Public sector use of collective conciliation
1 Sep 2012
Andrea Broughton, Principal Research Fellow
Resolving workplace disputes quickly and efficiently is likely to be a priority for all organisations. However, the way in which managers go about this can differ significantly - some may prefer to use in-house resources and tools in order to settle disputes, whereas others may feel that turning to external expertise gets the best results.
Research carried out for Acas in 2010 looking at the use of collective conciliation among negotiators found that those in the public sector are less likely to have used Acas collective conciliation than those in the private sector and those negotiating in both sectors. Given that this seemed, at first glance, rather counterintuitive, Acas commissioned IES to conduct a small research project looking at whether this is also the case for public sector managers and, if so, to unpack the reasons why.
Based on interviews with 15 senior human resources staff in public sector organisations in local government, central government, the health sector, universities and colleges, our research asked interviewees about their experiences of collective conciliation and if they have not used it, or would not use it, why this was the case.
Eight of the 15 interviewees had used the Acas collective conciliation service, with many stating that they had turned to conciliation when they had reached a point of real impasse, and specifically in order to avoid industrial action or further industrial action. One organisation felt that it was no longer in a position to be able to resolve the issue in hand without external help.
Reasons for not using collective conciliation
When asked why they might not be willing to use collective conciliation in the future, interviewees gave a range of responses. Many felt that, because they had what were felt to be very good, tried and tested internal procedures to deal with collective employment disputes, it followed that they simply did not need to call in a third party in order to resolve issues. In addition, where good relationships with trade unions existed (and trade union density is higher in the public sector than in the private sector, meaning that trade unions are more likely to be present), it was felt that the parties involved would be able to settle issues between themselves. This firm basis of relationships also meant that the parties were less likely to come to an impasse where the only option would be external assistance.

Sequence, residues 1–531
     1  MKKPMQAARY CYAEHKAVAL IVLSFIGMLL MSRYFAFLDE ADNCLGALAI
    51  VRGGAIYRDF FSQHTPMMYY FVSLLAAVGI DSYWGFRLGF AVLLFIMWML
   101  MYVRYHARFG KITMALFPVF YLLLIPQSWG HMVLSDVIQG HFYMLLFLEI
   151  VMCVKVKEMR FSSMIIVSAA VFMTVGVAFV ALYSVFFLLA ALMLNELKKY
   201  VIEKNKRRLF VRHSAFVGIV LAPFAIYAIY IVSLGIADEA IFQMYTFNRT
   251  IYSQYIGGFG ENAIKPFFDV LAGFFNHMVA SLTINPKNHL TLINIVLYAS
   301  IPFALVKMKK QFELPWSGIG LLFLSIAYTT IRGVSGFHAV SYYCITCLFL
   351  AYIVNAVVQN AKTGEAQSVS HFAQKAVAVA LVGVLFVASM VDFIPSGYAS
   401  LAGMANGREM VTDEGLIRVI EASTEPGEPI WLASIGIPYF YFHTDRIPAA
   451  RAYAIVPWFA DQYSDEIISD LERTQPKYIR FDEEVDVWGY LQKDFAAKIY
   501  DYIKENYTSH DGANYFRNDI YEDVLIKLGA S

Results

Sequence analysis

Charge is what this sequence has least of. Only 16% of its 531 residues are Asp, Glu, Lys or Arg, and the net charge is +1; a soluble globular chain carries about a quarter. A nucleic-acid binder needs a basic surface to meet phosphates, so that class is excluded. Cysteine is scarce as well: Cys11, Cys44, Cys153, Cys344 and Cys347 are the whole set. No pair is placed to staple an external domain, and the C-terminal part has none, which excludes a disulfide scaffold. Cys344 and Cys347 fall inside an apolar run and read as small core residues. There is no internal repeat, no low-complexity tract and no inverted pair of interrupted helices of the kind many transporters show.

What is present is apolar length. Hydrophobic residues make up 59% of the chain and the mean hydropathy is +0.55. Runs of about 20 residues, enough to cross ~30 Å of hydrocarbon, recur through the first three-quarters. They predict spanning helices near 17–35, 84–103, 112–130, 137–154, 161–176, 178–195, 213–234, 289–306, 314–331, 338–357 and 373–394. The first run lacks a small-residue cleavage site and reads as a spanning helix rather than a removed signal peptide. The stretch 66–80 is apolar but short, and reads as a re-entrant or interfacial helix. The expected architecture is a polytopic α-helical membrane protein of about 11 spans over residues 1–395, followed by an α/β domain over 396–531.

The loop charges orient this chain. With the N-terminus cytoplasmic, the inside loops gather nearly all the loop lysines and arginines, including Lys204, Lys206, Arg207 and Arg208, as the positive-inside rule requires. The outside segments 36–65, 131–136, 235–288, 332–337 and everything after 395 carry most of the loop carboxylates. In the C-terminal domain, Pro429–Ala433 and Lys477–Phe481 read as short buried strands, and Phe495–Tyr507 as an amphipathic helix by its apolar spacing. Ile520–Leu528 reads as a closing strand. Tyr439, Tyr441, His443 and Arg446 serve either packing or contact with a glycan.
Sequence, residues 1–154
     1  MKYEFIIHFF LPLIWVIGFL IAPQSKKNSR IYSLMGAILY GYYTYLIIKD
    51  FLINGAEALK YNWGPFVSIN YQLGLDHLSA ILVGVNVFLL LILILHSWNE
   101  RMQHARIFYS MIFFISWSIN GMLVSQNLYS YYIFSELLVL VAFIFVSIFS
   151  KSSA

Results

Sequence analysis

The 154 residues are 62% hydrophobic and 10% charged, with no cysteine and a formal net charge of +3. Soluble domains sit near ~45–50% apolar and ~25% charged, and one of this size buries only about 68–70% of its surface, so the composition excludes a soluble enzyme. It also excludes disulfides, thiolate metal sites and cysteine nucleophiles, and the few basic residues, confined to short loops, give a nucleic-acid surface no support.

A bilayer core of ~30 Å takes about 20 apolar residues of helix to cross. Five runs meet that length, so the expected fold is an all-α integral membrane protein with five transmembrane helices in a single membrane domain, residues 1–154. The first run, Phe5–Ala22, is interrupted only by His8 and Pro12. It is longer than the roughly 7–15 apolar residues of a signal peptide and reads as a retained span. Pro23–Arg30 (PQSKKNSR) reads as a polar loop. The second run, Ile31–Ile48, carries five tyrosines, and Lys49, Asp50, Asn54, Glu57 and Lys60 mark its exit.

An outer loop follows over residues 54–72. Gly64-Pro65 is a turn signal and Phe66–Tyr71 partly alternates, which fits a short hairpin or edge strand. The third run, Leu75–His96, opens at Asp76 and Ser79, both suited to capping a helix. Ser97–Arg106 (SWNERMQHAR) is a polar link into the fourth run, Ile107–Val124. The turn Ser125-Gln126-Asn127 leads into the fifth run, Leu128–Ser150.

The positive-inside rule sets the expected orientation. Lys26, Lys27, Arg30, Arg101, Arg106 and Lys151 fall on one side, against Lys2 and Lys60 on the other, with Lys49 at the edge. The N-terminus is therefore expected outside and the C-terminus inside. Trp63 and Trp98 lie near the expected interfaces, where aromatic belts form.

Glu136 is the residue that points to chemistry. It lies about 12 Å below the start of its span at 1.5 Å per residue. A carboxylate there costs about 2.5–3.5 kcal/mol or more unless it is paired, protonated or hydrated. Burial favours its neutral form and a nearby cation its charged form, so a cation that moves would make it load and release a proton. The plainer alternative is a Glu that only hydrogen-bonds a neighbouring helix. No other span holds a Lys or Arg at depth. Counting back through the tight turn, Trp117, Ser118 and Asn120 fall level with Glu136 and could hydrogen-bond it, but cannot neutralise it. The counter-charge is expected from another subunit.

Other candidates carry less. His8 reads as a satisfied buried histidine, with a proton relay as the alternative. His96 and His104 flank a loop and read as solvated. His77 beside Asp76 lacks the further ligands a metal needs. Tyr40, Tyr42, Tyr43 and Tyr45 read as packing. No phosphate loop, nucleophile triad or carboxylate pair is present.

Some managers spoke of a fear of losing control of a dispute if they brought in an external party, which may result in a solution with which they would not agree and while it would not necessarily be binding, they would feel pressured to accept.
Linked to this, there was also a perception that resolving disputes is a core competence of a manager's job and this should therefore not be ceded to a third party - if this were the case, the manager would have failed in some way to do their job. Fear of being seen to have failed professionally was cited as a major reason why a public sector HR manager would not want to turn to Acas or another external party to resolve a dispute.
Some interviewees pointed to the fact that public sector organisations are often exposed to political pressures that can make it more difficult for managers to take autonomous decisions: there was therefore a fear that an external party would not appreciate organisation-specific pressures and limitations.
Overall, there were no patterns of differences between the various parts of the public sector represented in the sample, although managers in local government did tend to stress that their organisations operated in a sensitive political context, meaning that they were reluctant to work with an external party which might not fully understand the local political context.
It is clear that HR professionals in the public sector operate in a different environment from their counterparts in the private sector - where interviewees had worked in both public and private sectors, they were able to give interesting insights into both. This study has shed some light on the reasons why public sector HR managers might be reluctant, or do not feel that they need to turn to an external party for collective conciliation.
Acas is trying to work with organisations to get them to understand the benefits of using its support to work towards acceptable solutions to disputes. The general view is that public sector industrial relations is likely to deteriorate in the coming months due to the lasting effects of the late-2000s global financial crisis, the UK recession and subsequent public sector cuts. Pay, job security and pensions in particular are issues that will increase the likelihood of employment disputes. Given this scenario, it may be that organisations may benefit from considering working with organisations such as Acas in order to limit future conflict.
For more information on this work, please contact Andrea Broughton at IES.